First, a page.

Abstract

The role of faecal microbiota transplantation: looking beyond Clostridioides difficile infection

Ther Adv Infect Dis. 2021 Jan 25;8:2049936120981526.doi: 10.1177/2049936120981526. eCollection Jan-Dec 2021.

Simon D Goldenberg 1, Blair Merrick 2

 
     

Author information

  • 1Centre for Clinical Infection & Diagnostics Research, King's College London and Guy's & St. Thomas' NHS Foundation Trust, 5th floor, North Wing, St Thomas' hospital, Westminster Bridge Road, London, SE1 7EH, UK.
  • 2Centre for Clinical Infection & Diagnostics Research, King's College London and Guy's & St. Thomas' NHS Foundation Trust, London, UK.

Abstract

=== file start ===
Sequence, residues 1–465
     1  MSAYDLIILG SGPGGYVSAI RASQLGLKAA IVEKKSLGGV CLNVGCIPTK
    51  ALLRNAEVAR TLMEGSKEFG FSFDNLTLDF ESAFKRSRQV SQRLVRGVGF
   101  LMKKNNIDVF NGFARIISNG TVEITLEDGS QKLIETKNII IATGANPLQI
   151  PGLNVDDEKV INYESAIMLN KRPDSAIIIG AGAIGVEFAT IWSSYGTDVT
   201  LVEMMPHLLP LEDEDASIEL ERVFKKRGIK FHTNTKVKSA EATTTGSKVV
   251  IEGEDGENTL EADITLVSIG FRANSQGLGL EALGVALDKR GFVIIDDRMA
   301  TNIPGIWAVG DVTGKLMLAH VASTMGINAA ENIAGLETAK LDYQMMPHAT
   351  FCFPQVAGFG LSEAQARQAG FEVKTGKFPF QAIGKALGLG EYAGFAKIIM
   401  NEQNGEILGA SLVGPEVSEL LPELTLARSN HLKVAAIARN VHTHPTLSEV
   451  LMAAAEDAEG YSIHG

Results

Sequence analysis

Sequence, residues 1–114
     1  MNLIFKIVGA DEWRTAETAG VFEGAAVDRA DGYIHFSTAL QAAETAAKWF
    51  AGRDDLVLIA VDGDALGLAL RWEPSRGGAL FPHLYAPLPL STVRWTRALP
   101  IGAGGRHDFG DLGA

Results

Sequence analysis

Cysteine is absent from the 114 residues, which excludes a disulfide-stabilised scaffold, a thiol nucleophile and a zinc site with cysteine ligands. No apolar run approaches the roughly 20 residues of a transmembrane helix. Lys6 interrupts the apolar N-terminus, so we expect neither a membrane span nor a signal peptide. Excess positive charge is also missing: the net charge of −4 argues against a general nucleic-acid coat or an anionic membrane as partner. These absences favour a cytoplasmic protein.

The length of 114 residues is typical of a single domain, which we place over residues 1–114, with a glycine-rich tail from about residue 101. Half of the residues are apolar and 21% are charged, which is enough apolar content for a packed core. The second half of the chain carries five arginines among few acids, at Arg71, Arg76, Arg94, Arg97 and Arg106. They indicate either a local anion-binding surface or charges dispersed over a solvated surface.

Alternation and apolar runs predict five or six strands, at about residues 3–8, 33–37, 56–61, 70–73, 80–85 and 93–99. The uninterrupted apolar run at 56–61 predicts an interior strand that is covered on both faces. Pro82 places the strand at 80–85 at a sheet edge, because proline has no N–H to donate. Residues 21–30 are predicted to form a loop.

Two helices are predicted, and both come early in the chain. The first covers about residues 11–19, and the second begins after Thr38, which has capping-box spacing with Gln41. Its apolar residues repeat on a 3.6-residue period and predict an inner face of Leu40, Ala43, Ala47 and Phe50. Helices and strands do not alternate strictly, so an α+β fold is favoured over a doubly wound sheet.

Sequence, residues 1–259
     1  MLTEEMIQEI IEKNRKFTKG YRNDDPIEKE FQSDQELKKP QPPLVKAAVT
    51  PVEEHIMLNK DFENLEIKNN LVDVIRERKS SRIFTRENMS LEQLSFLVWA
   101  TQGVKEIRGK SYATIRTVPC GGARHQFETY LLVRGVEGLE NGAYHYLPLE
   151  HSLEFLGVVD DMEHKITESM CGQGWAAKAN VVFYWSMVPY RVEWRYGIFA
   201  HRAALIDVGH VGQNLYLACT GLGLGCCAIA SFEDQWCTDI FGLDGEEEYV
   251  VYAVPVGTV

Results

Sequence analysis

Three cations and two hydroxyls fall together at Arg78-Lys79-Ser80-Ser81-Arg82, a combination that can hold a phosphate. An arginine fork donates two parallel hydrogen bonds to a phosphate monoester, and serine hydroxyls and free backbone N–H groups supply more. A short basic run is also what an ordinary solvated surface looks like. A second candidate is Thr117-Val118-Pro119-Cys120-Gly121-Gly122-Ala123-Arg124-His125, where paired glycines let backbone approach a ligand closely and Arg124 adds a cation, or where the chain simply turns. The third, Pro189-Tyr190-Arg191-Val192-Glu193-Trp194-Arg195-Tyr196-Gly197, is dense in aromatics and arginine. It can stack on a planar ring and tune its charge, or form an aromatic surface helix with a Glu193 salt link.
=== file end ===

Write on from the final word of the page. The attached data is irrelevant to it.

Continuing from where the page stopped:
Faecal microbiota transplantation (FMT) is the transfer of screened and minimally processed faecal material from a 'healthy' donor to 'diseased' recipient. It has an established role, and is recommended as a therapeutic strategy, in the management of recurrent Clostridioides difficileinfection (CDI). Recognition that gut dysbiosis is associated with, and may contribute to, numerous disease states has led to interest in exploiting FMT to 'correct' this microbial imbalance. Conditions for which it is proposed to be beneficial include inflammatory bowel disease, irritable bowel syndrome, liver disease and hepatic encephalopathy, neuropsychiatric conditions such as depression and anxiety, systemic inflammatory states like sepsis, and even coronavirus disease 2019. To understand what role, if any, FMT may play in the management of these conditions, it is important to consider the potential risks and benefits of the therapy. Regardless, there are several barriers to its more widespread adoption, which include incompletely understood mechanism of action (especially outside of CDI), inability to standardise treatment, disagreement on its active ingredients and how it should be regulated, and lack of long-term outcome and safety data. Whilst the transfer of faecal material from one individual to another to treat ailments or improve health has a history dating back thousands of years, there are fewer than 10 randomised controlled trials supporting its use. Moving forward, it will be imperative to gather as much data from FMT donors and recipients over as long a timeframe as possible, and for trials to be conducted with rigorous methodology, including appropriate control groups, in order to best understand the utility of FMT for indications beyond CDI. This review discusses the history of FMT, its appreciable mechanisms of action with reference to CDI, indications for FMT with an emerging evidence base above and beyond CDI, and future perspectives on the field.

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